Four days after a Manorville blaze that killed a woman and dog and left a homeowner hospitalized, questions continue to swirl.
The story is mired in details that include a home seized by the county for back taxes and a man "known" for his behavior in the past, according to fire officials.
On Monday, a neighbor who lives directly across the street from the Eastport Manor Road home said she never saw homeowner Charles Woolsey during the almost six years she and her family have lived on the street -- until earlier this year.
"We thought it was odd," Irene Valentim said. "He had a long driveway and a sign that says 'Keep Out.' He was secluded."
Valentim said she saw Woolsey's wife from time to time, waiting ouside for a ride. A woman died in the fire, covered by her dog, who also died -- but Suffolk County Police have not yet released the name of the woman or confirmed that the victim was Woolsey's wife.
After years of no contact, Valentim said her husband Carlos saw Woolsey videotaping cars that drove by with a camcorder. "We thought that was odd and a little concerning," she said. "A week later my husband was leaving, and he videotaped his car. My husband pulled over and asked what he was doing. He said, 'I'm on my property. I can do whatever I want.'" Then he turned and went back into his house, she said.
Valentim said her husband had suggested they call the police after the incident, but she felt it wasn't warranted. "I feel badly -- maybe if I had, that woman would be alive today," she said. "It's said. I pray that they could have just walked away and she would be alive today."
Her children, Rogerio, Amanda, and Dillon, now 25, 20, and 18, Valentim said, have always expressed concerns about Woolsey -- and her daughter-in-law was afraid to be home alone in the house, for fear Woolsey might "peek into the windows," she said.
"I don't know what was going on in his mind," she added. "They just kept to themselves."
Woolsey's wife, Valentim said, "just seemed like a very lonely lady."
Although her own family was not at home at the time of the fire, Valentim said, "It was very alarming. It was so weird -- we've always thought something was strange about those neighbors. To have it end this way is very tragic."
Suffolk County Police homicide and arson squad detectives are still investigating the fire. As of Monday, police said no charges had been filed in relation to the incident. Woolsey, police said, was taken to the hospital for smoke inhalation. Brookaven Memorial Hospital Medical Center would not release information regarding whether or not Woolsey had been released on Monday.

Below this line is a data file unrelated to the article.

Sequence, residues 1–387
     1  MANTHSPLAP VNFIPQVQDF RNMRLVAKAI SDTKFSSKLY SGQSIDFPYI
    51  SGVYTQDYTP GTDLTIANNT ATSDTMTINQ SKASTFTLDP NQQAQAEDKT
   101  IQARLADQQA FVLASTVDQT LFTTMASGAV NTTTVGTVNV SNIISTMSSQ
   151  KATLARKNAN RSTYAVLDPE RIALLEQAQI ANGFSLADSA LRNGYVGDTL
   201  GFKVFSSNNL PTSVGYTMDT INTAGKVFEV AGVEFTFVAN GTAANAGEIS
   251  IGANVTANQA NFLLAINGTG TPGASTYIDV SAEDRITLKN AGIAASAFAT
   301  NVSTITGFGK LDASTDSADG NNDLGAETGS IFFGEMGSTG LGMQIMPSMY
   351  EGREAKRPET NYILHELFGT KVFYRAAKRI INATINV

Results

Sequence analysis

Seventh precinct police officers and volunteer firefighters responded to numerous 911 calls reporting a fire at the home, located at 218 Eastport Manor Road, at 9:30 a.m. Wednesday. When officers and firefighters arrived, they found Charles Woolsey outside a residence that was fullly engulfed in flames.
Manorville Fire Department's First Assistant Fire Chief Howard Snow said the woman was found in the kitchen and was badly burned.
Woolsey, 68, a resident of the home, was transported unconscious to Brookhaven Memorial Hospital Medical Center in East Patchogue for treatment of smoke inhalation, police said.
Snow said when he arrived on the scene, the gate was locked and bolted; police were working to open the gate and clear a long driveway that was littered with wires and poles, he said.
"The fire was fully involved," he said. "It was coming out of the roof and all the windows."
Snow said he saw Woolsey as he was being taken from the house by Manorville Captain Richard Berni and an Easptort firefighter. "They saw a shadow in the doorway," he said. "They pulled him out and got him on stretcher and he was taken to the hospital. He was in and out of consciousness."
The woman, Snow said, was found on a secondary search of the first floor, with the dog.
Snow said it took approximately an hour and a half to knock down the fire and firefighters were on the scene until police, the Brookhaven Town Fire Marshal's Office, and the Suffolk County arson squad took over.
There is no indication yet of what sparked the blaze, Snow said.
Snow said when he got the initial call, he recognized Woolsey's name as a "known individual" involved in former incidents. "There has been a history of problems there," he said.
"The first report that we got said that there might have been booby traps in his house," Snow said, adding that he was fearful there could have been explosives or holes in the floor.
"One of the men said they saw a shallow hole with glass covered with loose leaves outside. We marked it with a a traffic cone," he said.